Stuck? Deal Yourself a Story!

Writing is one of my great loves, but between a demanding job, family life and perpetual sickness courtesy of Baby Boy’s new day care buddies, I find my brain a little too fried for creativity at the end of the day. When I sit down to face a new project in this frame of mind, it can be daunting to say the least. Waiting for a more creatively auspicious time to begin isn’t really an option, though—unless I plan to table this whole writing-as-a-career thing for the next, oh, eighteen years or so. My muse isn’t dead, but the ideas I get these days are scattered, smothered, and covered like hash browns on a Waffle House grill. Fortunately, I’ve come up with a place to put all those random fragments and turned it into a fun writing prompt that can help with those creative blahs. If my situation sounds familiar, it might help you, too.

Introducing Syd’s deck o’ story cards—and now you can make one, too! Using index cards to plot out a story has been covered in excellent detail on this blog by our own E. Michels, and there are writing prompt card games out there as well. The big difference here is that the deck is completely personalized with my own ideas—the things that inspire me, the stuff I want to write about. This is what I do with all of those random things that cross my mind that make me say “hmm… that would make a good character/story/setting/you get the idea.” I’ve written these scraps on cards and now, I’ve got a deck from which to draw inspiration. Here’s how you can make yours:

What you need:

  • Index cards in 4-6 colors (or you could cut out rectangles of construction paper or card stock if you want to get fancy).
  • Something to write with
  • Your random ideas
  • That’s it!

Each of your 4-6 colors is a suit: the number of suits will vary according to what you write—or you might choose to add more suits depending on your preference. Remember, it’s completely personalized. This number is what I’ve found to be essential. I’ve gone with five suits. Each suit is an essential element to your story:

  • 2-3 Suits for characters:  protagonist/antagonist, or hero/heroine/villain, depending on what you write. As a writer of contemporary romance/light women’s fiction, I tend to go with a suit for hero and a suit for heroine. I write up a (very) brief description for each character, like “real estate agent,” “frat boy,” “eighties rock star.” Just a couple of words.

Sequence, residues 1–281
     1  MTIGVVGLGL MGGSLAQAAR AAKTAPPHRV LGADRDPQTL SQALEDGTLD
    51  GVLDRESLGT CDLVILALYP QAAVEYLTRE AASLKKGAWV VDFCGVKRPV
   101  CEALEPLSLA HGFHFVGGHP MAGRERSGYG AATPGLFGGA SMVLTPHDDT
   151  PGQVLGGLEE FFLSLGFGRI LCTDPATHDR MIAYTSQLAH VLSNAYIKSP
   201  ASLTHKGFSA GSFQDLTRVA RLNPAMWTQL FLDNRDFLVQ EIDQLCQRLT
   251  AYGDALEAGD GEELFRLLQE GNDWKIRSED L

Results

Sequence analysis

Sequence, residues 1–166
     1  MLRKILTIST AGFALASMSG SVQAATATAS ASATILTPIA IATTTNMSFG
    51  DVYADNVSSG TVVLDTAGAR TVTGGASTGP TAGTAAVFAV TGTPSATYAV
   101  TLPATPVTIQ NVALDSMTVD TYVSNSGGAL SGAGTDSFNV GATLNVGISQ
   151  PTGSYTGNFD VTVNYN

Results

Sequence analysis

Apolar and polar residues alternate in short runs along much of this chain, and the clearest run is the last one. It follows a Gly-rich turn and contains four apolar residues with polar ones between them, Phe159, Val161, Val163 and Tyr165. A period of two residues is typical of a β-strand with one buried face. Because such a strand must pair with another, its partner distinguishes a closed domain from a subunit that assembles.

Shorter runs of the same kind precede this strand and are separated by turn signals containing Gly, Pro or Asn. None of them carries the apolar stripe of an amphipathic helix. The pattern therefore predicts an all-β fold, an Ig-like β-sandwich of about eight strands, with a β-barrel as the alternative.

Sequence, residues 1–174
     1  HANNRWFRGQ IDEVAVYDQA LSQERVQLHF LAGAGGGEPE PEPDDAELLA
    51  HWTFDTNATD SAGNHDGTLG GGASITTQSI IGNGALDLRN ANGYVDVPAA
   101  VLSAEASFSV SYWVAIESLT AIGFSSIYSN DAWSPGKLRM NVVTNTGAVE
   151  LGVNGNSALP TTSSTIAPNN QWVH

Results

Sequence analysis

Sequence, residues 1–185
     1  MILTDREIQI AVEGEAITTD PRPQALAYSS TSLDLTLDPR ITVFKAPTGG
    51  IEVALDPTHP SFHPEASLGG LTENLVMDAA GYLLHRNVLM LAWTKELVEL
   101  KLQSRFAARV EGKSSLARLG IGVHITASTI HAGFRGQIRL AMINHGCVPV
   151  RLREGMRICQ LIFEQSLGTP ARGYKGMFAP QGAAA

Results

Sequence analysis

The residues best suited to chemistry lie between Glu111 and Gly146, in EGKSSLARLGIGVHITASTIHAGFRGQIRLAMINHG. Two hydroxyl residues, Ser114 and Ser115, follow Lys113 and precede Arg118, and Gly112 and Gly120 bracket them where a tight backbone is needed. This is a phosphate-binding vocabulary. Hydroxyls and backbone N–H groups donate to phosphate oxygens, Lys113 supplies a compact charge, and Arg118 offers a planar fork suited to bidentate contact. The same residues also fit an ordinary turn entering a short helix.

• Setting: same thing here. Any place that has ever intrigued you, make a card for it. Made up places count, too.
  • Time period: now, if you write strictly in one time period, you will probably omit this suit. But hey, it’s a writing prompt game. It might be good to mix it up a bit. You never know what it might inspire.
  • Theme/Plot seed: this is your concept suit. It can range from the general (think “coming of age story”) to the specific (like a custody battle, for instance).

So all you have to do is write each description on its appropriately-colored card, and you have your deck. As new ideas come, you’ll add new cards—the more cards, the better. Then, just shuffle, deal and play! Now you’ve got a completely personalized writing prompt made of the elements that you know, that you love, that inspire and/or excite you. It’s a great way to organize these bits of inspiration and harness them for when you need a boost of creativity. What you get might be bizarre, funny, or just plain dumb—but it will be a new way of seeing the ideas you’ve had all along. And you never know, a winning hand might even lead to your next great story!

Let’s get dealing!

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